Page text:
Year of Award
Doctor of Philosophy (PhD)
Department of Computer Science.
Cheung, Yin Ming
Artificial intelligence ; Data processing ; Data sets ; Machine learning ; Statistical methods
With the increasing availability of large amount of data in a wide range of applications, no matter for industry or academia, it becomes crucial to understand the nature of complex raw data, in order to gain more values from data engineering. Although many problems have been successfully solved by some mature machine learning techniques, the problem of learning from imbalanced data continues to be one of the challenges in the field of data engineering and machine learning, which attracted growing attention in recent years due to its complexity. In this thesis, we focus on four aspects of imbalanced data learning and propose solutions to the key problems. The first aspect is about ensemble methods for imbalanced data classification. Ensemble methods, e.g. bagging and boosting, have the advantages to cure imbalanced data by integrated with sampling methods. However, there are still problems in the integration. One problem is that undersampling and oversampling are complementary each other and the sampling ratio is crucial to the classification performance. This thesis introduces a new method HSBagging which is based on bagging with hybrid sampling. Experiments show that HSBagging outperforms other state-of-the-art bagging method on imbalanced data. Another problem is about the integration of boosting and sampling for imbalanced data classification. The classifier weights of existing AdaBoost-based methods are inconsistent with the objective of class imbalance classification. In this thesis, we propose a novel boosting optimization framework GOBoost. This framework can be applied to any boosting-based method for class imbalance classification by simply replacing the calculation of classifier weights. Experiments show that the GOBoost-based methods significantly outperform the corresponding boosting-based methods. The second aspect is about online learning for imbalanced data stream with concept drift. In the online learning scenario, if the data stream is imbalanced, it will be difficult to detect concept drifts and adapt the online learner to them. The ensemble classifier weights are hard to adjust to achieve the balance between the stability and adaptability. Besides, the classier built on samples in size-fixed chunk, which may be highly imbalanced, is unstable in the ensemble. In this thesis, we propose Adaptive Chunk-based Dynamic Weighted Majority (ACDWM) to dynamically weigh the individual classifiers according to their performance on the current data chunk. Meanwhile, the chunk size is adaptively selected by statistical hypothesis tests. Experiments on both synthetic and real datasets with concept drift show that ACDWM outperforms both of the state-of-the-art chunk-based and online methods. In addition to imbalanced data classification, the third aspect is about clustering on imbalanced data. This thesis studies the key problem of imbalanced data clustering called uniform effect within the k-means-type framework, where the clustering results tend to be balanced. Thus, this thesis introduces a new method called Self-adaptive Multi-prototype-based Competitive Learning (SMCL) for imbalanced clusters. It uses multiple subclusters to represent each cluster with an automatic adjustment of the number of subclusters. Then, the subclusters are merged into the final clusters based on a novel separation measure. Experimental results show the efficacy of SMCL for imbalanced clusters and the superiorities against its competitors. Rather than a specific algorithm for imbalanced data learning, the final aspect is about a measure of class imbalanced dataset for classification. Recent studies have shown that imbalance ratio is not the only cause of the performance loss of a classifier in imbalanced data classification. To the best of our knowledge, there is no any measurement about the extent of influence of class imbalance on the classification performance of imbalanced data. Accordingly, this thesis proposes a data measure called Bayes Imbalance Impact Index (B1³) to reflect the extent of influence purely by the factor of imbalance for the whole dataset. As a result we can therefore use B1³ to judge whether it is worth using imbalance recovery methods like sampling or cost-sensitive methods to recover the performance loss of a classifier. The experiments show that B1³ is highly consistent with improvement of F1score made by the imbalance recovery methods on both synthetic and real benchmark datasets. Two ensemble frameworks for imbalanced data classification are proposed for sampling rate selection and boosting weight optimization, respectively. 2. •A chunk-based online learning algorithm is proposed to dynamically adjust the ensemble classifiers and select the chunk size for imbalanced data stream with concept drift. 3. •A multi-prototype competitive learning algorithm is proposed for clustering on imbalanced data. 4. •A measure of imbalanced data is proposed to evaluate how the classification performance of a dataset is influenced by the factor of imbalance.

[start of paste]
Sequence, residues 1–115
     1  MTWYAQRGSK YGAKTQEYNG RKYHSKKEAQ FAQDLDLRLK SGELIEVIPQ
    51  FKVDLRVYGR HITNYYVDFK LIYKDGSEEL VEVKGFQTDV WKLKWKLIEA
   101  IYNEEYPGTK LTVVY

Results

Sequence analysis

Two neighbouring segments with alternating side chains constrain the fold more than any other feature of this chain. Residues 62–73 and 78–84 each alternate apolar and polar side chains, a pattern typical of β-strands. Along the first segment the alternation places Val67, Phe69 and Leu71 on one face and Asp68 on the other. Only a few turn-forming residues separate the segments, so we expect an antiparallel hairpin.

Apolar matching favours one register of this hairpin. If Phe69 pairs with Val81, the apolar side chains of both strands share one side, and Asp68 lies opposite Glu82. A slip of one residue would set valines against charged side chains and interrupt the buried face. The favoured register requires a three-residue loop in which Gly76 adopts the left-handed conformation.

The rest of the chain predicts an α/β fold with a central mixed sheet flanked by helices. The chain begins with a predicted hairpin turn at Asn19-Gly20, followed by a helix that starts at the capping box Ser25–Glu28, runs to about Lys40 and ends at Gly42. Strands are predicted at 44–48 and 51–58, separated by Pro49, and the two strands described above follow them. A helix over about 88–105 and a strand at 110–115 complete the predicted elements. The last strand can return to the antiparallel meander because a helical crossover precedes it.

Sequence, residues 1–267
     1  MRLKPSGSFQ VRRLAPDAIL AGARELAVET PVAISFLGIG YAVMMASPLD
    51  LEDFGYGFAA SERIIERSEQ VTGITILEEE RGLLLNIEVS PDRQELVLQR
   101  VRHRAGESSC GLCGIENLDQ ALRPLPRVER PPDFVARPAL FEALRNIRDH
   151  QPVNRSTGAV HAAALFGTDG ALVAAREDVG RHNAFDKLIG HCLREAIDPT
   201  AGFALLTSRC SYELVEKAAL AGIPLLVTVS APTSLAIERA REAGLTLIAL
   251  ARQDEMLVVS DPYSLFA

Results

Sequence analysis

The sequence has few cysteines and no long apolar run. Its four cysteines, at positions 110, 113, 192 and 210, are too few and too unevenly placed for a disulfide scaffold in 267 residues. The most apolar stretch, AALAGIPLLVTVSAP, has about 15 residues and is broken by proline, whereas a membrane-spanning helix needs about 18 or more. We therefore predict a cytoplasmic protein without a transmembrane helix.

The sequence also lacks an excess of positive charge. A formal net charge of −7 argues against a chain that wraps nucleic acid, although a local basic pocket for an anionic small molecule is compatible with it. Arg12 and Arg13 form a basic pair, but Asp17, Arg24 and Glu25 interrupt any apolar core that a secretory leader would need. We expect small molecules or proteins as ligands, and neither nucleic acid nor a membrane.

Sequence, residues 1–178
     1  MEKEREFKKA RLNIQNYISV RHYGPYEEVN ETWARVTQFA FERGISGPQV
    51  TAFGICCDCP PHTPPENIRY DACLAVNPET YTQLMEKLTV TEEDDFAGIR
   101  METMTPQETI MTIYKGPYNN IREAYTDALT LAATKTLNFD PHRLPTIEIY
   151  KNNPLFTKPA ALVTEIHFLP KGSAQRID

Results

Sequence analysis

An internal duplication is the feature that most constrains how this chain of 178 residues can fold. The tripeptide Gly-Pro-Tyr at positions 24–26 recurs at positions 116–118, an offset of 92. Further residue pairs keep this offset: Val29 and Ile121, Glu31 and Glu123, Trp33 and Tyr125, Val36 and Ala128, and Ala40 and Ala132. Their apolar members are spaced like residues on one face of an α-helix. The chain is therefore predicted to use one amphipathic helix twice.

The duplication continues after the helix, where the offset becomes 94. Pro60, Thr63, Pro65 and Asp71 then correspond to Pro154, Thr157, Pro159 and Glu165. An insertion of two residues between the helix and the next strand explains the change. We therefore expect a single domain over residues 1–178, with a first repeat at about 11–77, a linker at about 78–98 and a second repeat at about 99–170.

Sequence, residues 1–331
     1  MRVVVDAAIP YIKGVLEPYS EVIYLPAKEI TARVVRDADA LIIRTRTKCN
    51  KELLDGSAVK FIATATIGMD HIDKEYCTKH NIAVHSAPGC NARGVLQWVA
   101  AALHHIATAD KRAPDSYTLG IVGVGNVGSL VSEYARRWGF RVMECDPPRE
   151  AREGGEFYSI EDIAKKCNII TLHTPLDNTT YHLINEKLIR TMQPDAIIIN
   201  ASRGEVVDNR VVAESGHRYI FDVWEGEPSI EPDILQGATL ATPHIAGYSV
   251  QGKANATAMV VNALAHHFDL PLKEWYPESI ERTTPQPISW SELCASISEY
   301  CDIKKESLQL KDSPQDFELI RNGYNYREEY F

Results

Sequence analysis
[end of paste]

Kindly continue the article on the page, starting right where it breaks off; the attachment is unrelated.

Includes bibliographical references (pages 175-194)
Lu, Yang, "Advances in imbalanced data learning" (2019). Open Access Theses and Dissertations. 657.
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